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EAT-Lancet diet linked to lowered risk of death

EAT-Lancet diet.jpg
The EAT-Lancet diet, which emphasizes grains, fruits, vegetables and seafood, was linked to lower all-cause mortality in a recent study.

EAT, according to its website, is “a global, non-profit startup dedicated to transforming our global food system through sound science, impatient disruption and novel partnerships.” Part of that transformation includes the “EAT-Lancet diet,” designed by the EAT-Lancet Commission on Food, Planet, Health, which “emphasizes a plant-forward diet where whole grains, fruits, vegetables, nuts and legumes comprise a greater proportion of foods consumed.” EAT goes on to note, “Meat and dairy constitute important parts of the diet but in significantly smaller proportions than whole grains, fruits, vegetables, nuts and legumes.”

Recent research now indicates following the EAT-Lancet diet may lower one’s risk of death by as much as 25% (Am J Clin Nutr. 2021;, nqab369).

The study’s authors “sought to develop a new dietary index to quantify adherence to the EAT-Lancet diet and assess its association with mortality in a large, population-based Swedish cohort,” while also examining food components included in the index and their individual associations with mortality. To do so, the authors used the Malmö Diet and Cancer cohort (n = 22,421; 45–73 years old at baseline). According to the authors:

“Dietary data were collected using a modified diet history method. The EAT-Lancet index was developed based on intake levels and reference intervals of 14 food components defined in the EAT-Lancet diet (0–3 points per component; 0–42 points in total). Associations with mortality were examined based on registers during a mean of 20 years of follow-up and were adjusted for potential confounders.”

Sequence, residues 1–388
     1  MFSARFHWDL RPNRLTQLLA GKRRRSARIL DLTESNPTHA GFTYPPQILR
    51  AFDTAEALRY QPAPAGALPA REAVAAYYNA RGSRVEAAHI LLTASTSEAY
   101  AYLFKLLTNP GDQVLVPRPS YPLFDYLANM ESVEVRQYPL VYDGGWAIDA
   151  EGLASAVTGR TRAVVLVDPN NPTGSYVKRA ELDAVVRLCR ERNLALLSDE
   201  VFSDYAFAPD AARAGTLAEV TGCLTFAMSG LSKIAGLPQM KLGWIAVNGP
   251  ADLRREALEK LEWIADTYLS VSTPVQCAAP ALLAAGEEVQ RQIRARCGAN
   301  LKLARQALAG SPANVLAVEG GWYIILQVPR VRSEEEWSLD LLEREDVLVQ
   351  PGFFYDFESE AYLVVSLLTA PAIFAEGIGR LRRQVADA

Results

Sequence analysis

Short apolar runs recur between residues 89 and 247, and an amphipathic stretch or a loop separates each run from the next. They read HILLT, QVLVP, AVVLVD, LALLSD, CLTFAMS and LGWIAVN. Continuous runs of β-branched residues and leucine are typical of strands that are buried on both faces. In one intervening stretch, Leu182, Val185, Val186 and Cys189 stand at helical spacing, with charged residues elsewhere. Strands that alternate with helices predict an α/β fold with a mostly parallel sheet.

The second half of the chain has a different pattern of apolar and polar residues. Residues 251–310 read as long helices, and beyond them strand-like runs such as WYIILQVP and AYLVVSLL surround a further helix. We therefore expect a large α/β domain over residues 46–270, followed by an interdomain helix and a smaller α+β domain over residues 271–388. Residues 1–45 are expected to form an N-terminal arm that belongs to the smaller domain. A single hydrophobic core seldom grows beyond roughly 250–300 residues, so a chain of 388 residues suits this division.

Data showed following the EAT-Lancet diet was linked to lower mortality, with the authors writing, “the highest adherence to the EAT-Lancet diet (≥23 points) was associated with lower all-cause mortality.” Cancer and cardiovascular mortalities were lower in the higher EAT-Lancet adherence group than in the lowest groups as well. Overall, the mortality risk in the highest-adherence group was 25% lower than in the lowest-adherence group, with “a clear linear trend.” A 25% reduction in premature deaths globally, the authors said, would represent a whopping 11 million fewer deaths annually.

On an individual food level, the authors noted higher consumption of whole grains, vegetables, and fruits and lower consumption of eggs—all associated with following the EAT-Lancet diet—were linked to lower mortality. Potato intake was also linked to higher mortality, though the authors noted more research would be required to establish a link. Seafood intake was generally linked to favorable outcomes, though the authors did note such intake may be at odds with sustainability practices, “depending on the type of fish consumed and the production methods used,” the authors wrote.

“Our findings show the value of providing a set of recommendations that reflects a dietary pattern and contribute to the evidence base to be used when developing sustainable dietary guidelines and policies,” the authors concluded.


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